FLAGSTAFF, Arizona – The race for President Hopi will be a rematch of the last general election.
Tribal Council member David Norton Talayumptewa was the top voter in Thursday’s primary with 298 votes, followed by current President Tim Nuvangyaoma with 291 votes, unofficial results show.
The two will face each other in the general election on November 11. Nuvangyaoma defeated Talayumptewa in the 2017 general election by over 325 votes.
Turnout for Thursday’s primary was low with 945 votes cast. The ballot did not feature the vice presidential candidates as only two people are running, meaning that current vice president Clark Tenakhongva and Craig Andrews automatically go into the general election.
Andrew Qumyintewa finished third in the presidential primary elections, with 286 votes. Former Vice President Alfred Lomahquahu Jr. was behind with 70 votes. Candidates have a few days to submit their challenges before the results can be certified, said Karen Shupla, tribal clerk.
The two main elected officials of the tribe do not show up on a ticket, but Nuvangyaoma campaigned with Andrews.
The leaders derive much of their authority from the Hopi Tribal Council, which functions as a municipal government. The president chairs the meetings but only votes to break the tie.
Talayumptewa, a former head of the US Bureau of Education, represents Kykotsmovi on the board where he championed a measure to unify the various schools on the reserve under a single district and education board.
“There is going to be some consistency in the way we teach them, and that is going to improve learning and academic achievement,” he told the AP.
Nuvangyaoma intends to secure funding for a water supply project to combat arsenic contamination and a detention center, as well as progress in a solar farm, hotel and rental of a manufacturing plant belonging to the tribe among the successes of his administration. He recognized that the road has not been easy.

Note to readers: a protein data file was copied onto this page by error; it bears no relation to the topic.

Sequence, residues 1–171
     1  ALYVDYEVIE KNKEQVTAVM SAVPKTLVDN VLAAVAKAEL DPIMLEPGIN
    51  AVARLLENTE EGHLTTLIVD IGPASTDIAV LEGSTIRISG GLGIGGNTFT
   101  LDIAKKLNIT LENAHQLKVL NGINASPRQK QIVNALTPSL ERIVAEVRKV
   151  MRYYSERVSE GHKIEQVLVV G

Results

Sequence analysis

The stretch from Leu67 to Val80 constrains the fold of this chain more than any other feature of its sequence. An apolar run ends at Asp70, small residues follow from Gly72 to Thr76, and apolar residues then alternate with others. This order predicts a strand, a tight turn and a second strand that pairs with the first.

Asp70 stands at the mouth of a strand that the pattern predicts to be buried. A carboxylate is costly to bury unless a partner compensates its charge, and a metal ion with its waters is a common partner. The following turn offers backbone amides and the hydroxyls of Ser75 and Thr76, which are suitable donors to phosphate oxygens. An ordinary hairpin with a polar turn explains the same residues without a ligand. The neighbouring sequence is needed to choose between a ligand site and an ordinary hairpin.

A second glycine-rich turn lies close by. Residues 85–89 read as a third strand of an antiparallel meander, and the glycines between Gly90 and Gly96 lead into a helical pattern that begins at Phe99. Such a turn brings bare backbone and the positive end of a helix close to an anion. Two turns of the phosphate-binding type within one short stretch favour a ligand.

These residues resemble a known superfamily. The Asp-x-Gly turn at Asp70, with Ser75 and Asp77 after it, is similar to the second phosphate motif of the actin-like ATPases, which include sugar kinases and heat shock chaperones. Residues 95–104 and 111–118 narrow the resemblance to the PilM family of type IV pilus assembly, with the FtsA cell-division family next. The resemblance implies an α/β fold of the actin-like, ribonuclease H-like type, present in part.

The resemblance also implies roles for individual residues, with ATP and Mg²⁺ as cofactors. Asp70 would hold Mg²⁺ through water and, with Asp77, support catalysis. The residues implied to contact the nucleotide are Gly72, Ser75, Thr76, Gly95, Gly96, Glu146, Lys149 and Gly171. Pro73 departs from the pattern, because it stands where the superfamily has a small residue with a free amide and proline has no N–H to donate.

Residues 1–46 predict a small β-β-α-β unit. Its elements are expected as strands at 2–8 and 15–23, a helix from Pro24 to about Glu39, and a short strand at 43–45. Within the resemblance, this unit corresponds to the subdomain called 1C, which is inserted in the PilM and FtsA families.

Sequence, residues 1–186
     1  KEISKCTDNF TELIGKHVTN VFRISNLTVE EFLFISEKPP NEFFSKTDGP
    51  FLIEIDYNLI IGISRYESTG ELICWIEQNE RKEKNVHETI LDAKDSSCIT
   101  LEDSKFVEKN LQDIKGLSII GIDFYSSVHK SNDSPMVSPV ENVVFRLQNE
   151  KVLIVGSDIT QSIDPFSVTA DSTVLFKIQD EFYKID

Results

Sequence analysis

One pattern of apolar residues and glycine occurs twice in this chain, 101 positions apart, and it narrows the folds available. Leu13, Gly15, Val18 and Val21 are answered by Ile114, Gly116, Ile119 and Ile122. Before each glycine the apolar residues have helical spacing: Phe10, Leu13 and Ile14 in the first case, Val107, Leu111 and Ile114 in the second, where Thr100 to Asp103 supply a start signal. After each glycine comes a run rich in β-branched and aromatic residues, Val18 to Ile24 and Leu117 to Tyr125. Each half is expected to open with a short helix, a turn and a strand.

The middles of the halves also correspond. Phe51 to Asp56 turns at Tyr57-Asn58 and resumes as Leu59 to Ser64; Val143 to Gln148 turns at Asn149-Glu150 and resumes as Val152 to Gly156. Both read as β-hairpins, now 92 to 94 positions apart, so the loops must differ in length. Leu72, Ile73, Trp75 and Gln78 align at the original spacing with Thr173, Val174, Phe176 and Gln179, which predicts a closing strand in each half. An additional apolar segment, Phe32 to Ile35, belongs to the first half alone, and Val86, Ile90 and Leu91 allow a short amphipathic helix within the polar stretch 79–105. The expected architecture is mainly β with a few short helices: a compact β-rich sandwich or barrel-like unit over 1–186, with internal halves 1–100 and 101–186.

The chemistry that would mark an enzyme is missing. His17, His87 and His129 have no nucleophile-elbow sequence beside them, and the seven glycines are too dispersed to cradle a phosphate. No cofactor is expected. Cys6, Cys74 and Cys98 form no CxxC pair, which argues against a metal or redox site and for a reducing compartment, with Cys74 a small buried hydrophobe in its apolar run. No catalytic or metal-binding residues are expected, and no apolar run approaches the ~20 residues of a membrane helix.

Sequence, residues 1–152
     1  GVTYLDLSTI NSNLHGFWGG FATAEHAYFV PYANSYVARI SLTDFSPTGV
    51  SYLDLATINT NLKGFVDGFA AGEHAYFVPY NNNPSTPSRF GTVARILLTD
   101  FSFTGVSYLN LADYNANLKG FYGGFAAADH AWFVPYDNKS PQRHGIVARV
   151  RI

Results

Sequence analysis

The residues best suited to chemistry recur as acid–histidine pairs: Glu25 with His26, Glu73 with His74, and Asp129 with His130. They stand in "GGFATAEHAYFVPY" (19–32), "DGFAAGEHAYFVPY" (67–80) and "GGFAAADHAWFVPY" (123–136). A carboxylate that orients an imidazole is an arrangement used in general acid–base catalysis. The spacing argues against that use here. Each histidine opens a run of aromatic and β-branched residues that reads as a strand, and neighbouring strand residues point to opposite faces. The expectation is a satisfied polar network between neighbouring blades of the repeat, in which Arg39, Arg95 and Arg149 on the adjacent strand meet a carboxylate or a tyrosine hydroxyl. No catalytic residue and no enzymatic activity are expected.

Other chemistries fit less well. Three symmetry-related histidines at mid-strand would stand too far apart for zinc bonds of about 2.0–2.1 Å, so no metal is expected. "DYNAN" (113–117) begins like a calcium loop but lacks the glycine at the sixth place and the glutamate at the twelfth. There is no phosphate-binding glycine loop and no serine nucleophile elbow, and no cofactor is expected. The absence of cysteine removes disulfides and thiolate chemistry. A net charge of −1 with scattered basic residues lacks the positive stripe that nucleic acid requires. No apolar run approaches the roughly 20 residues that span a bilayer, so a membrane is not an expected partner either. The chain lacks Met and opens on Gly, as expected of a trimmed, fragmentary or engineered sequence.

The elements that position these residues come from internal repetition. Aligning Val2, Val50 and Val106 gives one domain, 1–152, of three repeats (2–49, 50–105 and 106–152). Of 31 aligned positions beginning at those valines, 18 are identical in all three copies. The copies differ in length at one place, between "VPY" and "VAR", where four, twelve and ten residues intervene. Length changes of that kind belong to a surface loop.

“We have learned that with hard work and commitment, we can overcome these obstacles,” he said in an interview.
Talayumptewa and Nuvangyaoma spoke in a recent forum and on social media where much of their campaigning took place on the need for economic development and finding ways to encourage Hopi youth to get involved in tribal government.
One of the obstacles to running for office is a requirement for candidates to speak the Hopi language and demonstrate this ability, Nuvangyaoma said. Prior to 2017, applicants had to be fluent.
“I will never discredit our language,” he said. “But I think there are constitutional amendments and changes that need to happen in order to bring (in) our professionals who speak education, technology, healthcare, development, finance, all of these languages, technical languages to advance Hopi. “
The tribe’s constitution was first approved in the 1930s. The changes require an election overseen by the US Department of the Interior.
Talayumptewa said he wanted to maintain the language requirement, establish a language immersion school on the Hopi reservation in northeast Arizona, and actively contact young Hopi professionals to help lead the government.
“This is what sets us apart as a Hopi nation, this is how we practice our traditions, our culture and our religion,” he said. “I think there are ways to teach the Hopi language to maintain it.”